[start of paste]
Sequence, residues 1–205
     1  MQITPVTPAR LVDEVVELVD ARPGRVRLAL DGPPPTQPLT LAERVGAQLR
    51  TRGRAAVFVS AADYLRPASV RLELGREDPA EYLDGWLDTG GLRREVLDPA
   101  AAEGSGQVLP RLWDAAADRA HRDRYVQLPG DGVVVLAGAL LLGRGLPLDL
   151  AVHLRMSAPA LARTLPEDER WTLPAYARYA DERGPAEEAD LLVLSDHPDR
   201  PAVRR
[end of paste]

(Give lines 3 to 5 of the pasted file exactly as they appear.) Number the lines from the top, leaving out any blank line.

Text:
    51  TRGRAAVFVS AADYLRPASV RLELGREDPA EYLDGWLDTG GLRREVLDPA
   101  AAEGSGQVLP RLWDAAADRA HRDRYVQLPG DGVVVLAGAL LLGRGLPLDL
   151  AVHLRMSAPA LARTLPEDER WTLPAYARYA DERGPAEEAD LLVLSDHPDR